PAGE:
Elevating the Cultural Conversation

Erik Cooper —  September 26, 2011 — 2 Comments

It was easily the most beautiful hotel I’ve ever seen. And that’s saying something, because I’ve been fortunate enough to travel to some incredibly exotic places in my lifetime.

The Hotel Del Coronado is not only one of the nation’s top resort destinations, it’s also a historical landmark. Opened in 1888, it’s housed presidents, royalty, authors, actors. The global elite.

And now, somehow, me.

My dad runs a non-profit, and one of their partners invited him to a meeting/fundraiser/golf outing in San Diego, CA. The tournament required a two-man team, so with great sacrifice my wife and I cleared the calendar and made the long, cross-country trip. Sometimes you have to take one for the team.

As the concierge walked us to our room, she gave us the $500 (SoCal’s version of the nickel) tour.

“President Obama was recently here, and a lot of the L.A. a-list celebrities enjoy our hotel because they can remain relatively secluded if they so desire. You know, private chefs and sorts. See those 3-bedroom cottages over there? They rent for $5,700 per night.

Record screech. Excuse me, what? Did you say per week? Per month? Is that a down payment?

“Yes, $5,700 per night. But think about it, that’s really not that bad if you split it, you know, between three families.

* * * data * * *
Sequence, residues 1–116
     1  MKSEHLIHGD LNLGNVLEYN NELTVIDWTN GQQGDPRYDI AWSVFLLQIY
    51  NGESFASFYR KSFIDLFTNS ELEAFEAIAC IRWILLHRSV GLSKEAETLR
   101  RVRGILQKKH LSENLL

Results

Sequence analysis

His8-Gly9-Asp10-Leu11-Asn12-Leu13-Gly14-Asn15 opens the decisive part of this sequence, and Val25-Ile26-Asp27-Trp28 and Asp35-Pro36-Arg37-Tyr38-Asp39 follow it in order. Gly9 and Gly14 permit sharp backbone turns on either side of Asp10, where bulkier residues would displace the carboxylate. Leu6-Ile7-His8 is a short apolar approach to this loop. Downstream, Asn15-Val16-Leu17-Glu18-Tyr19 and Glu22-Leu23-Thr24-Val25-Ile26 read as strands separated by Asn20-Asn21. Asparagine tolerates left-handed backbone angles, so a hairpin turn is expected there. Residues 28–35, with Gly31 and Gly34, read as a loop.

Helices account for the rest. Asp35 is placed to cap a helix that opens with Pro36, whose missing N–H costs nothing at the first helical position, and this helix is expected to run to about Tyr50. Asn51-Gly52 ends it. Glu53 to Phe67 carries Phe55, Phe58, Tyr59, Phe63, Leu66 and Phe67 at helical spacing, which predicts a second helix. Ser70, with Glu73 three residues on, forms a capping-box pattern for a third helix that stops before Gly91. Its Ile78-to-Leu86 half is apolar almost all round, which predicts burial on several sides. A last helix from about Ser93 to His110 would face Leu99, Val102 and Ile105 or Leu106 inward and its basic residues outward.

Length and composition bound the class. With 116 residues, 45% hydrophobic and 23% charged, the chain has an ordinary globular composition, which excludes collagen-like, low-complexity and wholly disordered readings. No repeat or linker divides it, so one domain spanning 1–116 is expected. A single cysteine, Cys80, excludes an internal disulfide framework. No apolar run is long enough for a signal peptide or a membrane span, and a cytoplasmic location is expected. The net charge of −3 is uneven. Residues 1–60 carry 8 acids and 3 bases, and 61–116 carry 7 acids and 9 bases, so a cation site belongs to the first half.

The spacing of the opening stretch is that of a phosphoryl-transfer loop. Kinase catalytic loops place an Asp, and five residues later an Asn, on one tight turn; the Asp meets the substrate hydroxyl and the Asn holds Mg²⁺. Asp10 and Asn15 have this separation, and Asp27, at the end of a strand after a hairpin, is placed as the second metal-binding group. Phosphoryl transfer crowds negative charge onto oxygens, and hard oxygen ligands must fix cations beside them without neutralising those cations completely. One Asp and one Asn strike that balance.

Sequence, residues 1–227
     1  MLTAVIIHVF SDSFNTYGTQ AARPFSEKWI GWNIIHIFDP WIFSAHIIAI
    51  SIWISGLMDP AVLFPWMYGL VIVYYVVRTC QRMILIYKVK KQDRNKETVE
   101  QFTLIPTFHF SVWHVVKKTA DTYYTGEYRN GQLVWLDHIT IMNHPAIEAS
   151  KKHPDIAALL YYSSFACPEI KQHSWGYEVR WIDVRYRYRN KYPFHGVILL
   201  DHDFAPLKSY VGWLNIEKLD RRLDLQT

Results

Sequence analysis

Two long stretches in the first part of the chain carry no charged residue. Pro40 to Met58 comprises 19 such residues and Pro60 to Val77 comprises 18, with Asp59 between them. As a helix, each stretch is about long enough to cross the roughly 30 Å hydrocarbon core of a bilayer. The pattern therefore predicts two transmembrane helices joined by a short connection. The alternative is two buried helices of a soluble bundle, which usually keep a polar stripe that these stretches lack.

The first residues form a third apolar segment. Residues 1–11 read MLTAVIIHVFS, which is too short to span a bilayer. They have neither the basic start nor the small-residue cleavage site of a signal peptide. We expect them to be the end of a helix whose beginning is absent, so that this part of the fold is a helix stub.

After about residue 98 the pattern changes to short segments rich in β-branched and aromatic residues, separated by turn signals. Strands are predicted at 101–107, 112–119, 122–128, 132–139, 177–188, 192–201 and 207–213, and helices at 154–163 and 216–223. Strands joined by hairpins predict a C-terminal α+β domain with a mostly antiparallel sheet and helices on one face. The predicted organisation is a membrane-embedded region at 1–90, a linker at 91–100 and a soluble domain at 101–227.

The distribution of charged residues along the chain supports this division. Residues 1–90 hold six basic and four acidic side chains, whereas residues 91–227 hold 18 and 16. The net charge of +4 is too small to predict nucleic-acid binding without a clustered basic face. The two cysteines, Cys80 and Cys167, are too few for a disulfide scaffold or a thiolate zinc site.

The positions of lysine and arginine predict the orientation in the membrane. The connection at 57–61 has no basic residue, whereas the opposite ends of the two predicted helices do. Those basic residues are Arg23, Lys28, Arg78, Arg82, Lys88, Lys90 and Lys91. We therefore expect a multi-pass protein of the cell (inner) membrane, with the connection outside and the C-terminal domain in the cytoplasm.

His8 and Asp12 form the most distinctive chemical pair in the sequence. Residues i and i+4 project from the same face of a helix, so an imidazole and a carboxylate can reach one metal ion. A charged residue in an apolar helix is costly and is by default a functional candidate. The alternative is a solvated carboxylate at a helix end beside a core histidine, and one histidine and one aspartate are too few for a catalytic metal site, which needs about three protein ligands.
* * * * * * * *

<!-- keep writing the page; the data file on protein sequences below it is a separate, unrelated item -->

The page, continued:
Three Arab oil princes’ families?

And in that moment I was confronted with a reality for which I had absolutely no context. And it wasn’t just the money. It was the culture. A mindset that could drop nearly two-months wages on a place to sleep for one night. As hard as I tried, I simply couldn’t grasp it. I couldn’t cross the divide.

It probably wasn’t coincidence that my co-pastor Nathan LaGrange forwarded me an Indy Star article while I was there outlining the differing values and thought processes for our city’s poor, middle class, and wealthiest citizens. A fascinating read about cultural expectations, and how one pastor is bridging the gap.

The greatest barrier for connection is often an inability to process the world through the lens of another.

As a pastor, this type of incarnation is my greatest challenge. Not only comprehending the conflicting mindsets of different socio-economic classes, but even learning to elevate the conversation around the controversial cultural issues of our day. To recognize that grasping another person’s context is not the same as approving of it.

But perhaps above all, I’ve been deeply challenged to remember that the ultimate objective is not to win people to a new social mindset. It’s to introduce them to the Savior. That’s always where new life begins.

And He always starts from wherever they’re at. Shouldn’t I learn to do the same?

How can we better elevate the conversation across cultural barriers?

2 responses to Elevating the Cultural Conversation

  1. I appreciate your thoughtfulness and desire to share Christ with others. You know those people who spend $5700 a nite need Jesus just as much as someone who cannot even afford a place to live. There is no culture or no socioeconomic status where Jesus need not be welcome.

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